Electrical control of cancer cell growth now made possible

The new electrical mechanism can control molecular switches. Focus of research was on molecular switch called K-Ras.

The finding can help develop treatments for some of the most lethal types of cancer including pancreatic, colon and lung.

Researchers, including those of Indian-origin, have found a new electrical mechanism that can control molecular switches which regulate human cell growth and are linked to life-threatening cancers.

The finding can help develop treatments for some of the most lethal types of cancer including pancreatic, colon and lung, which are characterised by uncontrolled cell growth caused by breakdowns in cell signalling cascades, researchers said.

The molecular switches regulating human cell growth do a great job of replacing cells that die during the course of a lifetime. But when they misfire, life-threatening cancers can occur.

The research focused on a molecular switch called K-Ras.

Mutated versions of K-Ras are found in about 20 per cent of all human cancers in the US and these mutations lock the K-Ras switch in the on position.

“When K-Ras is locked in the on position, it drives cell division, which leads to the production of a cancer,” said senior author John Hancock, from University of Texas Health Science Centre at Houston (UTHealth) Medical School in US.

“We have identified a completely new molecular mechanism that further enhances the activity of K-Ras,” Hancock said.

The study focused on the tiny electrical charges that all cells carry across their limiting (plasma) membrane.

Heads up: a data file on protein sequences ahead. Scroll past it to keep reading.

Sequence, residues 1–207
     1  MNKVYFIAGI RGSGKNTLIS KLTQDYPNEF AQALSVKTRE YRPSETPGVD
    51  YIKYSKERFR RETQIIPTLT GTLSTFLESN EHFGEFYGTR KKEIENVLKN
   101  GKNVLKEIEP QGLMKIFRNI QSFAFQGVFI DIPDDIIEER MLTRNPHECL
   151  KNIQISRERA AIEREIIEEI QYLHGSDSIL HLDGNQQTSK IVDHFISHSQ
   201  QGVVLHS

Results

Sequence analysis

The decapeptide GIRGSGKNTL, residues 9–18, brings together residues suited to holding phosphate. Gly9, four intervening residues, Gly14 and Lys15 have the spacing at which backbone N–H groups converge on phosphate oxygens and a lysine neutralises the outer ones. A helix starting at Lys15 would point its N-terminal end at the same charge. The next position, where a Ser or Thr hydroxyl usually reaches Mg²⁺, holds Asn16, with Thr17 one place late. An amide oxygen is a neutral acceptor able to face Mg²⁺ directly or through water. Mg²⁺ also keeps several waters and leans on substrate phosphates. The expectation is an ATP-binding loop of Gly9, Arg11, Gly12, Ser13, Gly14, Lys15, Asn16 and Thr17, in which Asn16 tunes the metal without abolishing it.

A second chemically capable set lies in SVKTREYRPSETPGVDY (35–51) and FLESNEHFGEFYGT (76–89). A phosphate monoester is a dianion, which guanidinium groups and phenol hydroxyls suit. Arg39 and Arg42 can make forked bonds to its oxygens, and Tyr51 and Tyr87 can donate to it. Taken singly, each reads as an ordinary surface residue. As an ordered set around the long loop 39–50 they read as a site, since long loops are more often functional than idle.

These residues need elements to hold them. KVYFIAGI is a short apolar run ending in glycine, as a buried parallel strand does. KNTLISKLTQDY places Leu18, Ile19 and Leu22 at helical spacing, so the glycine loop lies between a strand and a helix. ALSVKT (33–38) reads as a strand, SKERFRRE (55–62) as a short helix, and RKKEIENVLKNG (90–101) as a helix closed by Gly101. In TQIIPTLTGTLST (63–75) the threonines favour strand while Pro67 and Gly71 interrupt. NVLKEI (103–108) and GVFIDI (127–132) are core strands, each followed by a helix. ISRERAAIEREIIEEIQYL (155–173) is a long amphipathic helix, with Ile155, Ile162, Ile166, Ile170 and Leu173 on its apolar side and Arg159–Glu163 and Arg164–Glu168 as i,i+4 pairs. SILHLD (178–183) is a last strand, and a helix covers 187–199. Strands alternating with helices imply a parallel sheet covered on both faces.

“What we have shown is that the electrical potential (charge) that a cell carries is inversely proportional to the strength of a K-Ras signal,” Hancock said.

With the aid of a high-powered electron microscope, the investigators observed that certain lipid molecules in the plasma membrane respond to an electrical charge, which in turn amplifies the output of the Ras signalling circuit. This is like a transistor in an electronic circuit board.

“Our results may finally account for a long-standing but unexplained observation that many cancer cells actively try to reduce their electrical charge,” said first author Yong Zhou, assistant professor of integrative biology and pharmacology at UTHealth Medical School.

Initial work was done with human and animal cells and findings were subsequently confirmed in a fruit fly model on membrane organisation.

“Beyond the immediate relevance to K-Ras in cancer, it is a completely new way that cells can use electrical charge to control a multitude of signalling pathways, which may be particularly relevant to the nervous system,” Hancock said.

Hancock’s co-authors include Dhananjay Thakur and Kartik Venkatachalam of The University of Texas Graduate School of Biomedical Sciences. The study was published in the journal Science.

Source: The Hindu


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